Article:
Received: 26 Mar 2014 – Discussion started: 10 Jul 2014
Abstract. Thaw lakes and drained lake basins are a dominant feature of Arctic lowlands. Thaw lakes are a source of the greenhouse gas methane (CH4), which is produced under anaerobic conditions, while drained lake basins are carbon sinks due to sedimentation. Besides feedbacks on climate, the development of thaw lakes due to the melt-out of ground ice and subsequent ground subsidence, can have significant impacts on the regional morphology, hydrology, geophysics and biogehemistry.
Permafrost degradation as a result of climate warming, which is proceeding considerably faster in high latitude regions than the global average, could lead to either an increases in lake area due to lake expansion, or decrease due to lake drainage. However, which process will dominate is elusive. Therefore understanding thaw lake dynamics and quantifying the feedbacks related to thaw lake expansion and contraction are urgent questions to solve.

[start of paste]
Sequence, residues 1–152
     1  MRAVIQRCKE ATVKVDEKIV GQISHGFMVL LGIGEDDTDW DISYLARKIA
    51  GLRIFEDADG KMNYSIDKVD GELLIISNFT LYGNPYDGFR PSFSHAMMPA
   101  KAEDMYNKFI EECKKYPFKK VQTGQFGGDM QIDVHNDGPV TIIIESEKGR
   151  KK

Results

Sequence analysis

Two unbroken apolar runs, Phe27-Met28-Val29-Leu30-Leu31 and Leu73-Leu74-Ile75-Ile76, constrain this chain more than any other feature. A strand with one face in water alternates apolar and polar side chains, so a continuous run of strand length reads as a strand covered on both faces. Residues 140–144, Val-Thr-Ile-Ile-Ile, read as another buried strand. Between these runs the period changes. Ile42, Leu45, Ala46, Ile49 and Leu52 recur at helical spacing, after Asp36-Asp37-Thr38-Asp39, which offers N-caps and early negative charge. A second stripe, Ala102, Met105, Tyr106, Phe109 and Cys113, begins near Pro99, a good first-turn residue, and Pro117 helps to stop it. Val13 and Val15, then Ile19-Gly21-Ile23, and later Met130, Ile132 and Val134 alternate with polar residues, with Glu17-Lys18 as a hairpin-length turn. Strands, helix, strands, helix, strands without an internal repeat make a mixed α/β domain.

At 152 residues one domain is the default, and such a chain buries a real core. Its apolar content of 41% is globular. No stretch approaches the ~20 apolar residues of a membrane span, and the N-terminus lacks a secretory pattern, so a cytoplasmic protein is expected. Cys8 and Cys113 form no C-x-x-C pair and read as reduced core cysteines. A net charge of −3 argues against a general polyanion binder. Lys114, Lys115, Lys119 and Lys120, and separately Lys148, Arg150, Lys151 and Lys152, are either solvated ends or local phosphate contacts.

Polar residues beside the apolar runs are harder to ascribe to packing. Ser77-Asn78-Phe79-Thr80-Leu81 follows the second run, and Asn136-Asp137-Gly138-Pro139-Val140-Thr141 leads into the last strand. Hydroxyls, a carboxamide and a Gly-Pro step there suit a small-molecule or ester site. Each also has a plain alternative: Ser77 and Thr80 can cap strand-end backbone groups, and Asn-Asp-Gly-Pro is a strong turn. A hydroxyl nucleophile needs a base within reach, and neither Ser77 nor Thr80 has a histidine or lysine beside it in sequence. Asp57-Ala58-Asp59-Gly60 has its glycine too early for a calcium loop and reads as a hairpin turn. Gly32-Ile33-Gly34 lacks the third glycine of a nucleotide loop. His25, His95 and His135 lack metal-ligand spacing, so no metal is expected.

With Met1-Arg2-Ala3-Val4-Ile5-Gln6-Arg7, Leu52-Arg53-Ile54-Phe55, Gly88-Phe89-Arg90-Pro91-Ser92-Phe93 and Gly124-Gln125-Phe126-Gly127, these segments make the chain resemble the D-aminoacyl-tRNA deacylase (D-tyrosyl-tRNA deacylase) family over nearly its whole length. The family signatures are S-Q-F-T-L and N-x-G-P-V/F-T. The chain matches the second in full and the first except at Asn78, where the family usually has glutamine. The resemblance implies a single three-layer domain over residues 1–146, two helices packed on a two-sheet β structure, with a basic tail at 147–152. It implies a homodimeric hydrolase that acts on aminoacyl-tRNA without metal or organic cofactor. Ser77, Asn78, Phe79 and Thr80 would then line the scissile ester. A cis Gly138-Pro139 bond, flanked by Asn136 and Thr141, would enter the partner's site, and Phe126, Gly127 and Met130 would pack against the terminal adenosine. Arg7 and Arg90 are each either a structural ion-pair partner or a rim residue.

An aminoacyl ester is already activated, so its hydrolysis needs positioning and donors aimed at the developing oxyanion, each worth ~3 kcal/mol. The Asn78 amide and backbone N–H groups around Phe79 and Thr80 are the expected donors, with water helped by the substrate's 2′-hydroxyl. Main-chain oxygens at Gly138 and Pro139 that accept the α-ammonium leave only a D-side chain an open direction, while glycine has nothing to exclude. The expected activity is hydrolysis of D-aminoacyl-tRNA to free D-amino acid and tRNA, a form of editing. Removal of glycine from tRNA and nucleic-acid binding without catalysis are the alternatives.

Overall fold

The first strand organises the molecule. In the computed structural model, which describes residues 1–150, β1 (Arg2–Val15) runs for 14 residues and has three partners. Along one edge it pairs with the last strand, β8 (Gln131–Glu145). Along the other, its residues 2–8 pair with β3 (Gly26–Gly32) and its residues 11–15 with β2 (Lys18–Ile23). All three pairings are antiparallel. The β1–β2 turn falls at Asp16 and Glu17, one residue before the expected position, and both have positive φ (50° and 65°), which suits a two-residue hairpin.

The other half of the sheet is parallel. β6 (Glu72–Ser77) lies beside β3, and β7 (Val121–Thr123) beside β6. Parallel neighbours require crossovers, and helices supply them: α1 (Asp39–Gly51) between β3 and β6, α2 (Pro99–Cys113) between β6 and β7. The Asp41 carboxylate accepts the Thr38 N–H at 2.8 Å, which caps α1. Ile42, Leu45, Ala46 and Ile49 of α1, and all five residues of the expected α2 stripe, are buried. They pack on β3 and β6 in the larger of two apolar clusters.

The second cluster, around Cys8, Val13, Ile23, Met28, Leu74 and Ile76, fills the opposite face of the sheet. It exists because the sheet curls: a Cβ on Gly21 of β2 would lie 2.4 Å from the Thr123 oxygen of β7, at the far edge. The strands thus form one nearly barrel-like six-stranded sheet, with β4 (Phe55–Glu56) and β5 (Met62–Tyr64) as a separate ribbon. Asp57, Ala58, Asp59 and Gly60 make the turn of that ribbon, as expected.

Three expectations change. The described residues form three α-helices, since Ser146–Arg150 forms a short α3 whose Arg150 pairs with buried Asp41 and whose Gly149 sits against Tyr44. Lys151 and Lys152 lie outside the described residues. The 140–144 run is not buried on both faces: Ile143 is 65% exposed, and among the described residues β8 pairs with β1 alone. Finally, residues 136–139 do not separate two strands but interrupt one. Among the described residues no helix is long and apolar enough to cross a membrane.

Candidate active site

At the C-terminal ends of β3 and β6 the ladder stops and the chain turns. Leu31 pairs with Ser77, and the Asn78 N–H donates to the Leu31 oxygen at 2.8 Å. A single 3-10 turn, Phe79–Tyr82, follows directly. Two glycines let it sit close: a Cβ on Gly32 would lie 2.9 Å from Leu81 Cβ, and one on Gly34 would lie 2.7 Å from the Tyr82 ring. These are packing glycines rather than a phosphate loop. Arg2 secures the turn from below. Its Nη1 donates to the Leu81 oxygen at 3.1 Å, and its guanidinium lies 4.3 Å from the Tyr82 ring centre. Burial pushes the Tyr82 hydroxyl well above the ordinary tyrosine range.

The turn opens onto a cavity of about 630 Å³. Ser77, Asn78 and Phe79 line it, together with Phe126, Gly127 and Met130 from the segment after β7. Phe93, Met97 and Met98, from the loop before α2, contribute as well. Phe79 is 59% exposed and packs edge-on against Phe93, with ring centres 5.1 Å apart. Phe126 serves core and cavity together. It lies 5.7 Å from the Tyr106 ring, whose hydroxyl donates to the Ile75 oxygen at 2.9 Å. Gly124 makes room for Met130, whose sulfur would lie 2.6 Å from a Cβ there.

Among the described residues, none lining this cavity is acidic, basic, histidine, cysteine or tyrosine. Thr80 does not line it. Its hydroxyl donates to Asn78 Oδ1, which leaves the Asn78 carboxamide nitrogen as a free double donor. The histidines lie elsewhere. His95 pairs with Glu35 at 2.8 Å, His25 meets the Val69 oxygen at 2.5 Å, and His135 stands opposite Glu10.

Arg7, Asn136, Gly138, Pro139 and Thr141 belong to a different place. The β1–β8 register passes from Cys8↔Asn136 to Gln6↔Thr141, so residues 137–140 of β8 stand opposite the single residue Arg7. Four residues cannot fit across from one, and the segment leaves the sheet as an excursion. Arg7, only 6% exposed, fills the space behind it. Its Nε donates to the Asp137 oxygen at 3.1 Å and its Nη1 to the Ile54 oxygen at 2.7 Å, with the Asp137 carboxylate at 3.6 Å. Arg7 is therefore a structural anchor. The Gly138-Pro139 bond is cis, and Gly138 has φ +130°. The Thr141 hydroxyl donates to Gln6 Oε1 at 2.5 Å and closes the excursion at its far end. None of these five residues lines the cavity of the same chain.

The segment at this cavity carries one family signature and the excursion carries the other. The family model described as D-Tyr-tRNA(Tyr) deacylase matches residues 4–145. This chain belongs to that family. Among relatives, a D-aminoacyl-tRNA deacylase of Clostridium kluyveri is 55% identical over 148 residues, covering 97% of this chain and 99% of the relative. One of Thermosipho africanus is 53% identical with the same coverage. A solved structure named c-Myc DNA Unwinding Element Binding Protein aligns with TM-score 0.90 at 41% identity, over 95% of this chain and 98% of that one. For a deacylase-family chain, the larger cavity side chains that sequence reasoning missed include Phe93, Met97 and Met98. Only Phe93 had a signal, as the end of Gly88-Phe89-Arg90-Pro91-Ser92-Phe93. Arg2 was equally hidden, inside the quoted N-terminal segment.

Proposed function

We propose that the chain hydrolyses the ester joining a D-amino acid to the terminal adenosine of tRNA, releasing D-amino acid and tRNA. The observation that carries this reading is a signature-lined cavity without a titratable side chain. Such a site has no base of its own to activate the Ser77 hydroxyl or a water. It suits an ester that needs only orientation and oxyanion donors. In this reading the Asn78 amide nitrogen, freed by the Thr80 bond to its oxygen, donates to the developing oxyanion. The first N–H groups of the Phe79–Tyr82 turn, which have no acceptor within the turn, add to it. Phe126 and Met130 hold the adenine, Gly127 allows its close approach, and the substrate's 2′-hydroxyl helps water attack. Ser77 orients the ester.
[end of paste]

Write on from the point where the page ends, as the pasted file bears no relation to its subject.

We apply a stochastic model, THAWLAKE, on four representative Arctic sites, to reproduce recent lake dynamics (1963–2012) and predict for the future changes under various anticipated climate scenarios. The model simulations of current thaw lake cycles and expansion rates are comparable with data. Future lake expansions are limited by lake drainage. We suggest further improvements in the area of enhancing the hydrology component, and operation on larger scales to gauge the impacts on lacustrine morphology and greenhouse gas emissions.
How to cite. Mi, Y., van Huissteden, J., and Dolman, A. J.: Modelled present and future thaw lake area expansion/contraction trends throughout the continuous permafrost zone, The Cryosphere Discuss., 8, 3603–3627, https://doi.org/10.5194/tcd-8-3603-2014, 2014.